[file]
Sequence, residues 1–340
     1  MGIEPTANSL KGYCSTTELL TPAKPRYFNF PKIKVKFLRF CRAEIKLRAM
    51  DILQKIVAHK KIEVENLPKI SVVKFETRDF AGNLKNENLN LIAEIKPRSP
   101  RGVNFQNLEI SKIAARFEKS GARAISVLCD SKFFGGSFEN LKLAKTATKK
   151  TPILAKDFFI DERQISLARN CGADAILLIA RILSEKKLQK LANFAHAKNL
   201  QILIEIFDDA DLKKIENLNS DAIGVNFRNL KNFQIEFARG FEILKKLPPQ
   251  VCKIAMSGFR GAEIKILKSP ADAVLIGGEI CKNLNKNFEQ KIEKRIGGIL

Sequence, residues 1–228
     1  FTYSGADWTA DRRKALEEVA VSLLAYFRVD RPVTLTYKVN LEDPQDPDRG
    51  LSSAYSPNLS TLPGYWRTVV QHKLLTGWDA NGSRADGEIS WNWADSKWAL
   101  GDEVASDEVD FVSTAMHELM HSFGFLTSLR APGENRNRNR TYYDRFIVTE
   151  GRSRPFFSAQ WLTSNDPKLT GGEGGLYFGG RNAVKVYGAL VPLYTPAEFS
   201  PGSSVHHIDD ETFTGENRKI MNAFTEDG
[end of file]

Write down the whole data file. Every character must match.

Sequence, residues 1–340
     1  MGIEPTANSL KGYCSTTELL TPAKPRYFNF PKIKVKFLRF CRAEIKLRAM
    51  DILQKIVAHK KIEVENLPKI SVVKFETRDF AGNLKNENLN LIAEIKPRSP
   101  RGVNFQNLEI SKIAARFEKS GARAISVLCD SKFFGGSFEN LKLAKTATKK
   151  TPILAKDFFI DERQISLARN CGADAILLIA RILSEKKLQK LANFAHAKNL
   201  QILIEIFDDA DLKKIENLNS DAIGVNFRNL KNFQIEFARG FEILKKLPPQ
   251  VCKIAMSGFR GAEIKILKSP ADAVLIGGEI CKNLNKNFEQ KIEKRIGGIL

Sequence, residues 1–228
     1  FTYSGADWTA DRRKALEEVA VSLLAYFRVD RPVTLTYKVN LEDPQDPDRG
    51  LSSAYSPNLS TLPGYWRTVV QHKLLTGWDA NGSRADGEIS WNWADSKWAL
   101  GDEVASDEVD FVSTAMHELM HSFGFLTSLR APGENRNRNR TYYDRFIVTE
   151  GRSRPFFSAQ WLTSNDPKLT GGEGGLYFGG RNAVKVYGAL VPLYTPAEFS
   201  PGSSVHHIDD ETFTGENRKI MNAFTEDG